Sunday, December 14, 2014

‘Food Chaining’ by Cheryl Fraker, et al.

Book cover: 'Food Chaining' by Cheryl Fraker, et. al. Cover image combines a cartoon-like illustration of an apple, carrot, a meat, tomato, lettuce and cheese sandwich and a child gazing at a beverage in a cup with straw, with the photo of a child holding a slice of bread so that it obscures his or her face.
As validated as I felt learning that a book like this exists, I felt even more validated when reading Food Chaining by Cheryl Fraker, Mark Fishbein, Sibyl Cox and Laura Walbert.

Eating is easily the most difficult sensory task I face. In childhood, I easily fit the profile of a “problem eater,” as described in this book. I accepted few foods, had strong adverse reactions that included gagging and was reluctant to even touch new foods.

My difficulties didn’t have the benefit of a book like this, however. Instead, adults labeled me “picky,” “spoiled” and “bad” because I could not eat what was served to me.

Even today, it takes time for me to get used to an unfamiliar food, and it requires considerable fortitude to be willing to try new things. If I go to an event when I know that I will get hungry, I have to bring my own snacks because I can’t rely on the selection including foods that I am able to eat.

Even if I’m not hungry, I might end up awkwardly holding a plate that a well-meaning person “prepared” for me, filled with foods I cannot eat. (Is it good manners to fill a plate, unasked, from a buffet table for someone else? Surely that service should be reserved for someone whom you know well enough to be able to account for dietary needs and restrictions.)

At a public event a few years ago, a near-stranger actually handed me a plate of foods that she’d selected “for” me. Suddenly, I was placed in the awkward position of having to dispose of an untouched plate of food, fearful that if I did so openly, I’d attract negative attention.

And I was right to be afraid of negative attention. People don’t grant the same legitimacy to sensory challenges as they do to food allergies. So where someone might accept that a person with allergies won’t eat peanuts, people typically don’t believe me when I tell them I don’t eat dessert. How, then, could I explain that an entire plate of food had the wrong textures, visual impressions and temperatures?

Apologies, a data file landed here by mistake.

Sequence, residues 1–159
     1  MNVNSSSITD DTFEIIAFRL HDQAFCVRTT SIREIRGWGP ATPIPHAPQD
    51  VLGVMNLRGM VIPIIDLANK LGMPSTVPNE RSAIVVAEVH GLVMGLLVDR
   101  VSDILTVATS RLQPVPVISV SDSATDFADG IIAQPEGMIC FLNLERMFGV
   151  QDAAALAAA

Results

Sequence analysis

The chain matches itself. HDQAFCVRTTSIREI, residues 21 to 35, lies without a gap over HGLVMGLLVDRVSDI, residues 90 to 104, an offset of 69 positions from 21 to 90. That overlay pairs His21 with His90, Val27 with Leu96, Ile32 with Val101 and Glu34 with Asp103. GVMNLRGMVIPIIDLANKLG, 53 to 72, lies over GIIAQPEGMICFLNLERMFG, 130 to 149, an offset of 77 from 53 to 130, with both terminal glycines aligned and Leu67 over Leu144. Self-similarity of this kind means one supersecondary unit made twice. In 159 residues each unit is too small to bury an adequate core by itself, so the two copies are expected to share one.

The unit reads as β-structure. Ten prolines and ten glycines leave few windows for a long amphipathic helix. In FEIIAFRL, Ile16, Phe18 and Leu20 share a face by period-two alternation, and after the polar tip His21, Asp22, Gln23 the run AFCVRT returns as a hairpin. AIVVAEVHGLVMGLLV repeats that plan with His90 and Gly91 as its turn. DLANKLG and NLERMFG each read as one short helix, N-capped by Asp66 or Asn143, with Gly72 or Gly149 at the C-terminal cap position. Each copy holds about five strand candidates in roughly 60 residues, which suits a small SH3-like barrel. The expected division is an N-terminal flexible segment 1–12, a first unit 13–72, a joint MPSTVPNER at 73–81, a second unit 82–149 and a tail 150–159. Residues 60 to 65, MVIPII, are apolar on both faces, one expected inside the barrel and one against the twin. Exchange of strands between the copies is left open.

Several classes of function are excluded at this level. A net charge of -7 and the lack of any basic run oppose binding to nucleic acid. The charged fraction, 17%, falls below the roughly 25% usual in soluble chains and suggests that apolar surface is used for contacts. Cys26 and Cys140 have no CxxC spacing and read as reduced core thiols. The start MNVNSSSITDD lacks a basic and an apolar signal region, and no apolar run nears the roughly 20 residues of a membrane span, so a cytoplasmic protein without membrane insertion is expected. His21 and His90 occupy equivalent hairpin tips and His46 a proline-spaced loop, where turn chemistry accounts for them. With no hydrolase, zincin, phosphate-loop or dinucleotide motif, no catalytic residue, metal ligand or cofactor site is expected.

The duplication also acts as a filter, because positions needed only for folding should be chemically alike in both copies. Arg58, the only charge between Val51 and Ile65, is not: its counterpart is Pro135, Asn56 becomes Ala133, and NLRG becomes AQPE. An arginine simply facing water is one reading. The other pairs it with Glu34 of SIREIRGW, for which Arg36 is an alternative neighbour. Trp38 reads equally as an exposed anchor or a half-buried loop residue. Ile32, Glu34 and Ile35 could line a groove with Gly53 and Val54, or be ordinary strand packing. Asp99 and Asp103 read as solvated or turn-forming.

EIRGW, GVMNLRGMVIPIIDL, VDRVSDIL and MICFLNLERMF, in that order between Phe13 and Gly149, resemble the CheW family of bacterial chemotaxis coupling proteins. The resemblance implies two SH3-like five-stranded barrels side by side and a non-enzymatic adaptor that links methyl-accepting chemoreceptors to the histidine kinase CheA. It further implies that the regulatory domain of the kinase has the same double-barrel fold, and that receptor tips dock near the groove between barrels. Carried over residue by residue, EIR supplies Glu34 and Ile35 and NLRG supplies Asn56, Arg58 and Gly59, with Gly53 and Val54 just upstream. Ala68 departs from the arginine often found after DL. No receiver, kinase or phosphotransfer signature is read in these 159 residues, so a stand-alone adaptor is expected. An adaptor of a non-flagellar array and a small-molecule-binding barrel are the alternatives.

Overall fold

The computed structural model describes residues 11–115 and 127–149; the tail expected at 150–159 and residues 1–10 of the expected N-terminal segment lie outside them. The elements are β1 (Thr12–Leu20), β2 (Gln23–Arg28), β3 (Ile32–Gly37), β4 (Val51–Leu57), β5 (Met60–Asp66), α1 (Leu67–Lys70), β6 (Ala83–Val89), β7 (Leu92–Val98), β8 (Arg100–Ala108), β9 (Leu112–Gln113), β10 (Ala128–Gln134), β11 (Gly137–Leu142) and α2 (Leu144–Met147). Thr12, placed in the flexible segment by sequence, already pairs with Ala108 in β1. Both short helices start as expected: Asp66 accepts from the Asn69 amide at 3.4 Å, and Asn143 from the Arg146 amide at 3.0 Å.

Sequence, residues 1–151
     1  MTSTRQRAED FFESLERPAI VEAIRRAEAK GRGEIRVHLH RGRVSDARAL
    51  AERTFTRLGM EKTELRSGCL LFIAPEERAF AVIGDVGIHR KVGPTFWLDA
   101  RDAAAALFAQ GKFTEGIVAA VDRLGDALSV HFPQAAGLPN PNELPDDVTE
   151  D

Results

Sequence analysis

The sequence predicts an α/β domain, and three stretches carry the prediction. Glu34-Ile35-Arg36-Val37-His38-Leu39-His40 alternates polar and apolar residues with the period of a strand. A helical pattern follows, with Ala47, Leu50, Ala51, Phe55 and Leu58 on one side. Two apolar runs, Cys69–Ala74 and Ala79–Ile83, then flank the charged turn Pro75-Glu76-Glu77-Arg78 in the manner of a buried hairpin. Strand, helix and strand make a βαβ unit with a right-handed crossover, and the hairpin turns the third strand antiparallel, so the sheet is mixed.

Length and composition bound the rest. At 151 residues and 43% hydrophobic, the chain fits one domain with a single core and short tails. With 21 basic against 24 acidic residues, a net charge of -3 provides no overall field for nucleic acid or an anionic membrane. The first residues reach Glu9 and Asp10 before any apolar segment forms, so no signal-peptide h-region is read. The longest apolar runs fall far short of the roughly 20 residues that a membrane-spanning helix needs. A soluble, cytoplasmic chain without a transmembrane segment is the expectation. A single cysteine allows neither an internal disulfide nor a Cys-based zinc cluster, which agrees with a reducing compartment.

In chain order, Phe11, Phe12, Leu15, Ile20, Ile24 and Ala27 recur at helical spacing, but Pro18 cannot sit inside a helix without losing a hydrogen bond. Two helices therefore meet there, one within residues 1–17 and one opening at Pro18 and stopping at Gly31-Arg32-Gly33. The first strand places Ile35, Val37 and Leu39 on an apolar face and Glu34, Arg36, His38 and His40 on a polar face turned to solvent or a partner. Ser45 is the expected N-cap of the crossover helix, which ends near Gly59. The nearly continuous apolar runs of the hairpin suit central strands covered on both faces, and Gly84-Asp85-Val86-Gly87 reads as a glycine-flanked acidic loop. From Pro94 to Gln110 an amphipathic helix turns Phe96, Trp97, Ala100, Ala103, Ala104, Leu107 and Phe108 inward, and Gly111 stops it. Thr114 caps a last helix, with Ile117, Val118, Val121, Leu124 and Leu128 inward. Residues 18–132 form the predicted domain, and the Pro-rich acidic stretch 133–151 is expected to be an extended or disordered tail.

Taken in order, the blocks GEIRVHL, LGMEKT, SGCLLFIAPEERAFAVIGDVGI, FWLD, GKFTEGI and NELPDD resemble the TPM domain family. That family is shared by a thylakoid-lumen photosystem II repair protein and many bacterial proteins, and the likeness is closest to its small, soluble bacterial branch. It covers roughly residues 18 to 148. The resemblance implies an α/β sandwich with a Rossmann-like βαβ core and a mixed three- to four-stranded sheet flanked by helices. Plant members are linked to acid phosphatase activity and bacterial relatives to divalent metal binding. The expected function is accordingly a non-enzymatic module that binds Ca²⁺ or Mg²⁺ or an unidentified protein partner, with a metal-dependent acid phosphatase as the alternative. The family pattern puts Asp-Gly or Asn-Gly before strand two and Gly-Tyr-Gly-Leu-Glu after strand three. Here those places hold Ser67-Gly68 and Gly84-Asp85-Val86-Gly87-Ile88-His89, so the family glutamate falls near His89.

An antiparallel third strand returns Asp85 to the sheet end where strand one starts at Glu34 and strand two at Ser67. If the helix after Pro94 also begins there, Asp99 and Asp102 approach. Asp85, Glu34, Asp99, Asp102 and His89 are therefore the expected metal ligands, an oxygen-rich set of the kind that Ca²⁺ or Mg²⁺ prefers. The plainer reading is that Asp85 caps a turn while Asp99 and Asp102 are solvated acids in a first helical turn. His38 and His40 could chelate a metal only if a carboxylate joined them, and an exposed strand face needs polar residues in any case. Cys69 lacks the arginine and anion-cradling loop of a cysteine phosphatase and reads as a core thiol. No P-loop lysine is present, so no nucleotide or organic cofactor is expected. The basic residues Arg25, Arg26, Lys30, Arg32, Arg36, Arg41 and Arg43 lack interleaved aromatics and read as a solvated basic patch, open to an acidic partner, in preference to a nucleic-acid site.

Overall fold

In the end, I hid the plate under a napkin on a table and quickly walked away. I went to the buffet table and selected the few simple foods that I could eat.

Hence my gratitude and validation at last, that “food chaining” is a thing.

“Food chaining” involves starting with a food considered “safe” by the problem eater and then slowly introducing foods with a similar taste, temperature or texture. Through a gradual process, the problem eater becomes able to accept “target” foods and expand his or her palate. My husband used this process with me for years before we ever heard of “food chaining.”

(I tend to fixate on a new food when I discover that I really like it. I would happily eat chopped olives and kale with every meal. And if asked what I wanted for dinner, I might answer, “Cajun catfish,” even if we just had it the night before.)

There is just so much more to why a child (or an adult) won’t eat than simply being “picky” or “bad.” I appreciate this book for its detailed and comprehensive explanations of the sensory challenges, physical challenges, oral-motor or swallowing skills, that may affect an ability to eat.

Disclosure of material connection: My taxes support my public library’s acquisition of this and other resources. I consider the access I enjoy to be a “priceless” return on my investment.

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